Over the last 20 years children have spent more and more time indoors, and less outside. Time outside is important for physical development because it encourages gross motor skills. Children need wide open spaces and encouragement to run. Jumping and climbing can be learnt in soft play areas but there’s a world of difference between jumping onto a cushioned mat and jumping in the real world, or climbing padded steps or a net and climbing a tree.
So what do we need to run, jump and climb? Well, these actions require pretty much the same skills, albeit used in different ways. They need balance, and by doing them more children develop their own balance system. They need core strength, and strong leg muscles (and arms too for climbing). They require spatial awareness on a large scale, and hand/foot-eye coordination.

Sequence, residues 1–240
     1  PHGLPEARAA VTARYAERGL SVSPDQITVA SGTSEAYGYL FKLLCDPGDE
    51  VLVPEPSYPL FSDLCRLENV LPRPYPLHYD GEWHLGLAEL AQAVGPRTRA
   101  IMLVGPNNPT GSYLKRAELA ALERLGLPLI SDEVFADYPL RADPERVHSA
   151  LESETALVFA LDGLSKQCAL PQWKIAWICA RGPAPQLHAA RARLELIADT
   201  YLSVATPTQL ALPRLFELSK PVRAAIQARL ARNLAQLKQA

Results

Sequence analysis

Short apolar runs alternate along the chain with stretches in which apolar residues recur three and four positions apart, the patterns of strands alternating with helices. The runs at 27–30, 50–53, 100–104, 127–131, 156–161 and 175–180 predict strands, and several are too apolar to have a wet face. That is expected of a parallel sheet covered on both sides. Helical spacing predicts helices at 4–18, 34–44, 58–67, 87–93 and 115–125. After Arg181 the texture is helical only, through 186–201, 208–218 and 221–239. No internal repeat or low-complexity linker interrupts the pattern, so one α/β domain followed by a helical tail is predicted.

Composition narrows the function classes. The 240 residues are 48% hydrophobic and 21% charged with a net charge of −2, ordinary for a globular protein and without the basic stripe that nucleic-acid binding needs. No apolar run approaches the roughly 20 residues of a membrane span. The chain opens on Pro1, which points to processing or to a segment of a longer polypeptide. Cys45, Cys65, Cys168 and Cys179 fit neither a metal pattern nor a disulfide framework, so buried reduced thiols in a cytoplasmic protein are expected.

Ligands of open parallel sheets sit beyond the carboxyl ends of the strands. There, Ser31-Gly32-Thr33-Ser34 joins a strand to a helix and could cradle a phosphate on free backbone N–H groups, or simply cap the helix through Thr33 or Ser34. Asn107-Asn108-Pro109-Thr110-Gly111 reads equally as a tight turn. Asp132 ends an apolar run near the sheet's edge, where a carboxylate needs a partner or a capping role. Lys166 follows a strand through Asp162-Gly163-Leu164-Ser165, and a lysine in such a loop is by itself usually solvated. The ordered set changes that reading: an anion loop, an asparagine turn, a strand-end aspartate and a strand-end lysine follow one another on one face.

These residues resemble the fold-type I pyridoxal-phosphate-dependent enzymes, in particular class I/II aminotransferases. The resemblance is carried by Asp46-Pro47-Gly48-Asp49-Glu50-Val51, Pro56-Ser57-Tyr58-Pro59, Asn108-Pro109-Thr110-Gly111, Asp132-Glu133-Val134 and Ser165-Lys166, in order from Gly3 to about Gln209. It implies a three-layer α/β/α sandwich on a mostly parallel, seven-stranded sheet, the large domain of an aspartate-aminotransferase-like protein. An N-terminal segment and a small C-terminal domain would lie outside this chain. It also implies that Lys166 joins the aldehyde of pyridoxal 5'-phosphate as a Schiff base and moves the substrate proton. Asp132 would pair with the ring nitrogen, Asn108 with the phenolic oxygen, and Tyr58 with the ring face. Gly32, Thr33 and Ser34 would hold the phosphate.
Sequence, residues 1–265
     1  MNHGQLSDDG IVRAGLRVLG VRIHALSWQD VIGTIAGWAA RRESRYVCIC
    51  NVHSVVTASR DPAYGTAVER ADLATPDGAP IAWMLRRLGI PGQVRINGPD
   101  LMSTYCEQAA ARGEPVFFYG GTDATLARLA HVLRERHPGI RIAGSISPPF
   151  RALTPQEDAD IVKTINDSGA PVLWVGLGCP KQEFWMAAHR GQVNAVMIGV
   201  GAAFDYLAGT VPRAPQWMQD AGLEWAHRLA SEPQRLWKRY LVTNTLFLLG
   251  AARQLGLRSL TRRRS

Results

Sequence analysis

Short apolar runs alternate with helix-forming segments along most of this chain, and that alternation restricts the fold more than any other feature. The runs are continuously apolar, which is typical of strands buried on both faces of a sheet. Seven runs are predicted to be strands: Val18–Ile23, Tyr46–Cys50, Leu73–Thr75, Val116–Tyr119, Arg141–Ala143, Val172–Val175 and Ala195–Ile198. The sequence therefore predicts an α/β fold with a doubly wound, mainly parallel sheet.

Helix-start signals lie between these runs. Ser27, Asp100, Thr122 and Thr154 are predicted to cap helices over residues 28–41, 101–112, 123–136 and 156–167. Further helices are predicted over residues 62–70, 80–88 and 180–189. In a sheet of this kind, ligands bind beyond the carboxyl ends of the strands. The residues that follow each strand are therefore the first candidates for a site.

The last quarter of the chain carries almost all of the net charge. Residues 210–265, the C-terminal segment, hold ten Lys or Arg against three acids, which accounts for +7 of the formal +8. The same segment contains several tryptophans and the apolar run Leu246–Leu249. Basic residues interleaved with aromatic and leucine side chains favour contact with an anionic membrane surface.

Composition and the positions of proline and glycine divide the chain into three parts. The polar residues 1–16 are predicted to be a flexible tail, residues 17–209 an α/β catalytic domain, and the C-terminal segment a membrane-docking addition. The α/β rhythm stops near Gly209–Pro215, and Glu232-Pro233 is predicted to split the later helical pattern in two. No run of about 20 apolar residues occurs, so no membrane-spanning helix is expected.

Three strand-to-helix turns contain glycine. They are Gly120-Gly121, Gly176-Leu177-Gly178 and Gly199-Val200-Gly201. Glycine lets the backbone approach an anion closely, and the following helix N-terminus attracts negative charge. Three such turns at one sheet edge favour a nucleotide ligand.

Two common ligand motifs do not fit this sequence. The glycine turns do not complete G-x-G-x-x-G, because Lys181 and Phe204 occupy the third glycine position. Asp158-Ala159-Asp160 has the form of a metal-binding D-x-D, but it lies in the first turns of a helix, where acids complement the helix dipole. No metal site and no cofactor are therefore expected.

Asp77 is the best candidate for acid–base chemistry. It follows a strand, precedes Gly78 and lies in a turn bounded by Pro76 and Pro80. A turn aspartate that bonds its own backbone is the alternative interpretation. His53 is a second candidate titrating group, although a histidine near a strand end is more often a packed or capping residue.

But these skills aren’t the only things needed to be able to run, jump and climb. They all require courage and perseverance too.
Encourage these all important skills by jumping down from low heights like a step or a tree stump, then moving on to hopping like a frog, a bunny or a kangaroo. Jumping on the flat from standing is trickier – jump over drain covers or into hoops laid on the ground. Once that skills has been mastered you’re ready to jump up onto things. Play hopscotch too, to develop stability and strength.
To encourage running play chase, or run races. Children will usually run naturally to keep up with their peers, but if you have a reluctant runner try to meet other children in the park or another open space and help them join in.
Parks often also have frames, nets or rope ladders to encourage climbing. Help little ones master climbing skills by going up the steps to the slide, pulling themselves up on a platform or hanging on to a scramble net.
How do you develop locomotor skills?